Kent State University Museum Celebrates the Year of the Bird With "For the Birds"
The Kent State University Museum will present For the Birds from April 13, 2018, to Feb. 3, 2019, in the Stager and Blum Galleries. The exhibition will display fashion and decorative pieces of art inspired by birds. The museum is located at 515 Hilltop Drive on the Kent Campus.
This year has been declared the Year of the Bird as it marks the centennial of the passing of the Migratory Bird Act in the United States. In the 20th century, the popularity of bird feathers on hats led to a fear of bird extinction, and it “sparked the movement to organize and protect bird species,” says Sarah Hume, Ph.D., curator of the exhibition, thus the creation of organizations, such as the Audubon Society, and the Migratory Bird Act.
To celebrate this achievement, For the Birds will showcase various forms that birds have taken on in artistic expression. Dr. Hume explains that “there is such a variety of different species and different ways of using them in arts and fashion.” From garments worn in China and India to jewelry and hats in Europe and the Americas, birds have held symbolic meaning to a variety of cultures throughout time and around the world.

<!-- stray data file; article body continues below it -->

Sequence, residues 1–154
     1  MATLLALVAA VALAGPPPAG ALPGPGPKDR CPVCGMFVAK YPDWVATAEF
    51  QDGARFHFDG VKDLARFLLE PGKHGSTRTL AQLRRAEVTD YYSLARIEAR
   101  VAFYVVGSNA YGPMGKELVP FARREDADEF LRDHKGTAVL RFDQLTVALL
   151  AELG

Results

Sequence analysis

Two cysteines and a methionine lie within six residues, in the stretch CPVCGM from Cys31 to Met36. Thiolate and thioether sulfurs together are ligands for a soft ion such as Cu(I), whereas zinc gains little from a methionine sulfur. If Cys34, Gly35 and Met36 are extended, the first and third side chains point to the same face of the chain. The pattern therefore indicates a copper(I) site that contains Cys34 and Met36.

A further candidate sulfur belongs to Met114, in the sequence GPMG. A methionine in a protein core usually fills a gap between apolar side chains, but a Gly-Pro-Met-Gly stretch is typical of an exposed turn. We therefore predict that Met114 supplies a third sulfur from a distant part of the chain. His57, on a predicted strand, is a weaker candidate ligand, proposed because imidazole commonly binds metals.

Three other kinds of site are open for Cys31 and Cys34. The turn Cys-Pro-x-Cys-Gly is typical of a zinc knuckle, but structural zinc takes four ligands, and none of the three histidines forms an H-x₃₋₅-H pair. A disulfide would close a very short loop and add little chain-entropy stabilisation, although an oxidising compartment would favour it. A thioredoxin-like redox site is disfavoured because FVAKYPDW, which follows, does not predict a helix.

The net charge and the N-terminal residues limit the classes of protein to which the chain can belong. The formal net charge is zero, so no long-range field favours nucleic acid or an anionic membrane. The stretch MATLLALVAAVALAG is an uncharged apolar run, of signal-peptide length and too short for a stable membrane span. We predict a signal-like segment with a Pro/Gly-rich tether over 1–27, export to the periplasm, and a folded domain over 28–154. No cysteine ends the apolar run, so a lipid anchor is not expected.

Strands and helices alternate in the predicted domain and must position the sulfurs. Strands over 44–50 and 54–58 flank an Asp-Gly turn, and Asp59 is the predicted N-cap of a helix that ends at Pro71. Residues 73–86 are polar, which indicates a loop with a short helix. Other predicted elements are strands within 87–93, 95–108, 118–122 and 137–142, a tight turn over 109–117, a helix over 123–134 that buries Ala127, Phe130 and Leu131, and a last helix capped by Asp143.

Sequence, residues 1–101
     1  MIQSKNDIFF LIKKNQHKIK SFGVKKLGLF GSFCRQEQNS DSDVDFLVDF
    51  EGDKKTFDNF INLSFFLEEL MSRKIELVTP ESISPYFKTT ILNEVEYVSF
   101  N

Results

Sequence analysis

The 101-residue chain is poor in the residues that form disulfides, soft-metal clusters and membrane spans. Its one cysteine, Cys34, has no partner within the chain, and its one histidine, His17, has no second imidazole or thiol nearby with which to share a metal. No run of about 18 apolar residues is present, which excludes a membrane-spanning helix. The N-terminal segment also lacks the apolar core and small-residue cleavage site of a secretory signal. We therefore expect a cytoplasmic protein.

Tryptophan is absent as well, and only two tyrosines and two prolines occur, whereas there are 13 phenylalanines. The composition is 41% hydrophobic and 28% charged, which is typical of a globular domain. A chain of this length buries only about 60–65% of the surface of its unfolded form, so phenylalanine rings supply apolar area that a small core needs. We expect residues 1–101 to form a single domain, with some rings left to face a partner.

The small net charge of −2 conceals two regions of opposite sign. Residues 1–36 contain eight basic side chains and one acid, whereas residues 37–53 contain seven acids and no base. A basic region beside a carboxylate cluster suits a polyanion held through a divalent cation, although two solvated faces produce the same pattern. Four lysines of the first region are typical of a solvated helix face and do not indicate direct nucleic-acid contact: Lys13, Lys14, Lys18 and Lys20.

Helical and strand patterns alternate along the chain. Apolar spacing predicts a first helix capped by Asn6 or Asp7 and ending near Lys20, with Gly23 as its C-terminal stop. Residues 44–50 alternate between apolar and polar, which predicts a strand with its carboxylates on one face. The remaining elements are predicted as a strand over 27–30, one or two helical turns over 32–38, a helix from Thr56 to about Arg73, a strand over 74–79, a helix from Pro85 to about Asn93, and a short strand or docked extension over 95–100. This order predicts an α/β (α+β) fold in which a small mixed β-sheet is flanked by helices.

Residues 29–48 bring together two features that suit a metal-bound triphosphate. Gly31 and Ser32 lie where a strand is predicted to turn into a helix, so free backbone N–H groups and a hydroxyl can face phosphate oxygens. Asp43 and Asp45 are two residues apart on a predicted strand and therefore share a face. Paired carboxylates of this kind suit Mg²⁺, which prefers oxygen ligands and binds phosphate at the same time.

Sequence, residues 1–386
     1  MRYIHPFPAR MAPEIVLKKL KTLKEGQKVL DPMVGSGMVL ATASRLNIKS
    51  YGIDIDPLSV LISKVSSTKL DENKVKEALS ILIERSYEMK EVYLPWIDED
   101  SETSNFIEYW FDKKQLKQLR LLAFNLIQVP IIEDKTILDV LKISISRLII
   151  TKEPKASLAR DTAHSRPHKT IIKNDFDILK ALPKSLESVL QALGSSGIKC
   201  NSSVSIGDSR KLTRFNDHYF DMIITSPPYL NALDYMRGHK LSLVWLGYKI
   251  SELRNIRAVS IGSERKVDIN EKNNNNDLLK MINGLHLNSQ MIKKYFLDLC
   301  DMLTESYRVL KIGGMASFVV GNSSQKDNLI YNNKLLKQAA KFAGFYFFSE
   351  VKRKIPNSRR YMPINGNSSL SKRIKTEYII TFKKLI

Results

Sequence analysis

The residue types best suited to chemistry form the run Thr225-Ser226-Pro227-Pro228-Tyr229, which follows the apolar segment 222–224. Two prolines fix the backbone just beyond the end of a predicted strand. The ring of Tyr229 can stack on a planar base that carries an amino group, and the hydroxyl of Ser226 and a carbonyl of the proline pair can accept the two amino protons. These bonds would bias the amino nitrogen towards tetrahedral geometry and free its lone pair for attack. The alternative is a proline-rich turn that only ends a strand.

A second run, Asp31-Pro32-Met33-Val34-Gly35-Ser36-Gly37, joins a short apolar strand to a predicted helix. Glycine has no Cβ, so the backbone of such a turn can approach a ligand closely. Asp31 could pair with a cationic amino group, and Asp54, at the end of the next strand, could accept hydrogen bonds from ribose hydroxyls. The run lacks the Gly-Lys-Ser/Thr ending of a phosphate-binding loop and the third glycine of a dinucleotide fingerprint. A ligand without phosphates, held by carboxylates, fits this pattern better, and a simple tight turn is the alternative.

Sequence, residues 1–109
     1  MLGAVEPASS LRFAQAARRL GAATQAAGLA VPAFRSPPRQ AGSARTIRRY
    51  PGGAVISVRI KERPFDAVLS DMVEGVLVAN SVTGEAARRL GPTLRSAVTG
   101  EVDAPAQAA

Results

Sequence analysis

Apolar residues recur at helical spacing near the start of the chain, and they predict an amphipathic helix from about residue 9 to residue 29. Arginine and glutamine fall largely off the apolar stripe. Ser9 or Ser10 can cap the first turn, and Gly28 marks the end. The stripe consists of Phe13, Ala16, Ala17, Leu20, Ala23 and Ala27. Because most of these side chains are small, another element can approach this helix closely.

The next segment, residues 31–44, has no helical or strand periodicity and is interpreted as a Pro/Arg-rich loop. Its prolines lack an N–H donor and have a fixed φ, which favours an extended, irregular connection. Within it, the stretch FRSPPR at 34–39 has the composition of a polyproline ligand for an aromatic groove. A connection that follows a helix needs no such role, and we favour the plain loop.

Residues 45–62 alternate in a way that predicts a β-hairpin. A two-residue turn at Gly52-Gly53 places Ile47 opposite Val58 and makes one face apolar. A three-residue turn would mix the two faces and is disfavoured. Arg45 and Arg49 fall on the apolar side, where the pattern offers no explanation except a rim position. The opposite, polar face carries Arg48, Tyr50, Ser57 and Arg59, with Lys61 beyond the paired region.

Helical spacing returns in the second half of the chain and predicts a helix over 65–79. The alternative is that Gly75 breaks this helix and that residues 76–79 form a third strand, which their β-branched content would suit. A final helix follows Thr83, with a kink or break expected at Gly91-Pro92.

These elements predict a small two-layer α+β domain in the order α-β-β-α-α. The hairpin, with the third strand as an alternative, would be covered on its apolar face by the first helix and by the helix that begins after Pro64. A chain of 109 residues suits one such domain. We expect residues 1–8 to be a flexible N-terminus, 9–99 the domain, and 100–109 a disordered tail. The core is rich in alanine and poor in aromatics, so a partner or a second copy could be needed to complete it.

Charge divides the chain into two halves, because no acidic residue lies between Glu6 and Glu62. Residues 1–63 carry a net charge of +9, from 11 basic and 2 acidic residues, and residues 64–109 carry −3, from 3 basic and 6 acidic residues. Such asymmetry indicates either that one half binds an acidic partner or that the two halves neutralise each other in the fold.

The exhibition will explore the levels of meaning that birds can convey and will be organized by type of birds, including peacocks, ostriches, cranes, roosters and eagles.
An opening tea reception and media preview will be held April 13 from 3-5 p.m. The cost to attend is $15. Call 330-672-3450 to make a reservation.
The Kent State University Museum will be hosting four other exhibits when For the Birds opens.
Museum hours are 10 a.m.-4:45 p.m., Wednesday to Sunday except Thursday when the museum closes at 8:45 p.m. and Sunday when it opens at noon. General admissions cost $5, $4 for senior citizens (55+ years), $3 for students and children (7-18 years) and free admission for children under 7. Admission is free for all Kent State students, faculty and staff and for members of the public on Sundays. Parking is always free.